In Wyeth v. Levine, plaintiff Wyeth Pharmaceuticals sought to overturn a Vermont jury's award of $7.4 million to Ms. Levine, whose arm developed gangrene and had to be amputated after she was given an anti-nausea drug manufactured by Wyeth. (For a personal account of her traumatic experience, see Ms. Levine's website at www.armedwithavoice.net.) Wyeth argued that the drug's label had been approved by the FDA, and that the pharmaceutical company could not be sued in state court because FDA law preempts state lawsuits on labeling.
Included in the Wyeth arsenal of arguments was a reference to the FDA Amendments Act of 2007, which not only granted the FDA new leverage in the area of labeling, but specifically excluded a provision that would have allowed patients to sue drug companies in state courts for failure to update drug labels. Unfortuntely for innocent victims of mislabeling, the Bush Administration had threatened to bury the bill if the Democrat-supported provision had been included, so the amendments became law.
Some members of the U.S. Congress are seizing the opportunity to halt federal preemption of state consumer protection laws, and to restore the constitutional rights of victims of corporate wrongdoing.
The U.S. Supreme Court's 2008 decision in the Medtronic case drew immediate criticism, and even outrage, among some members of Congress. Strongly disagreeing with Medtronic's position, U.S. Senator Edward M. Kennedy of Massachusetts and Rep. Henry A. Waxman of California had written in their Amicus Brief:
The language of Section 360k (of the Medical Device Act) and its legislative history demonstrate that Congress did not intend to preempt state tort suits.
Yet in a highly partisan Congress, in the midst of a Presidential election, the Medical Device Safety Act introduced in June 2008 languished and died.
The Medical Device Safety Act of 2009 was introduced in both the U.S. Senate and House of Representatives, and numerous co-sponsors lined up in support. The two bills, S. 540 (in the Senate) and H.R. 1346 (in the House of Representatives), were identical in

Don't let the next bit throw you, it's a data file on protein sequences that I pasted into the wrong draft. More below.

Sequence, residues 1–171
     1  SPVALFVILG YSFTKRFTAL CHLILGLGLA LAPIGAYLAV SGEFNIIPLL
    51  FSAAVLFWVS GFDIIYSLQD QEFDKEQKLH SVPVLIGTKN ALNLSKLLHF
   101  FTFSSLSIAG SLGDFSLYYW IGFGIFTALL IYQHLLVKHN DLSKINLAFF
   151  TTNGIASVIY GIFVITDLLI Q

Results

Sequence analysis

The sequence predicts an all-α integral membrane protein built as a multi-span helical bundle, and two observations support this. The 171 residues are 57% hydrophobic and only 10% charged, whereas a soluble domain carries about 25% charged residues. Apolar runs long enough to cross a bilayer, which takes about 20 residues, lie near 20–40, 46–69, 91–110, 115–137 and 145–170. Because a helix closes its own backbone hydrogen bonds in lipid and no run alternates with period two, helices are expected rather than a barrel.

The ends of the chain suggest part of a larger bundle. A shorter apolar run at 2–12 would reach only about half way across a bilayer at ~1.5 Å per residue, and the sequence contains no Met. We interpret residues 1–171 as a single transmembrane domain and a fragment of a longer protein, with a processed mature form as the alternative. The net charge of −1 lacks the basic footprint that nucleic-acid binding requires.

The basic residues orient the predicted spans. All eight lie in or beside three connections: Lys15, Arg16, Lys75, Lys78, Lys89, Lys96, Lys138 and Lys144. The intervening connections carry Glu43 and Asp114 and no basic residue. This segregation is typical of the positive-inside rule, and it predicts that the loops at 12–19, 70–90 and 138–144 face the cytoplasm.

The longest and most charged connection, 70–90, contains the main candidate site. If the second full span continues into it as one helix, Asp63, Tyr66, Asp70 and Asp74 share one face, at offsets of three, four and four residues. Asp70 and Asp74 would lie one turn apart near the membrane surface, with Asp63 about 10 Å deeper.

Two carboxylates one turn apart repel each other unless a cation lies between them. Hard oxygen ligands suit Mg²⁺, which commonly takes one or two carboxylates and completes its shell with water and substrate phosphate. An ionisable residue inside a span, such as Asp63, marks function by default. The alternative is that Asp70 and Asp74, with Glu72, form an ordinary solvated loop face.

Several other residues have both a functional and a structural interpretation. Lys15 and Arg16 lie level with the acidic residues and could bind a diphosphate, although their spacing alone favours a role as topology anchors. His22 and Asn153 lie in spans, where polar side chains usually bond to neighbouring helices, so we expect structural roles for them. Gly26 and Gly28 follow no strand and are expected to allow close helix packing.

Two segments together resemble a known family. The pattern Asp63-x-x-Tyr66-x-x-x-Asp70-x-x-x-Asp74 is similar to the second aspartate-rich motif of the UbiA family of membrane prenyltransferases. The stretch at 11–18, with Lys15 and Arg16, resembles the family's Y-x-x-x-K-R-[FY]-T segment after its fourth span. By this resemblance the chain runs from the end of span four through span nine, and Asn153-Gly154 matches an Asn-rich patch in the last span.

Federal preemption/corporate immunity efforts are an unprecedented assault on states' rights and an attempt to destroy our civil justice system, court by court, victim by victim. We must not let that happen!
Even though the Medical Device Safety Act of 2009 was stalled in House and Senate committees, sponsors continued to seek co-sponsors in both houses. You can help by persuading your member of Congress and your two Senators to get on board. Then, when S. 540 and H.R. 1346 move through the committee process to a vote, your help is even more important. Passage will require significant grassroots support to counter the influence of corporate campaign contributions and lobbyists whose interest is profit, not justice.
Numerous consumer advocates, justice-related organizations, academic institutions, and professional associations are stepping forward to make sure that our justice system continues to work for us, not for greedy corporations. The Medical Device Safety Act of 2009 was endorsed by the National Conference of State Legislatures, the New England Journal of Medicine, the American Bar Association, AARP, the Center for Justice & Democracy, the Consumer Federation of America, Public Citizen, and the National Research Center for Women & Families.
But even this broad and diverse coalition cannot do it alone.
To learn more about the status of the Medical Device Safety Act of 2009 and how you can help persuade your Congressional delegation to co-sponsor and vote for the bills, click on the "Speak Out" page of this website.
Congressional action on federal preemption/corporate immunity could take many more months - even years. In the meantime, however, President Obama's post-inaugural stay of pending rules included staying many that contained preemption language. President Obama is seen by many constitutional experts as a proponent of a growing trend toward "progressive federalism" - that is, greater collaboration between federal and state governments.
All of these are hopeful signs for restoring the balance of individual liberty and common good envisioned by our Founding Fathers.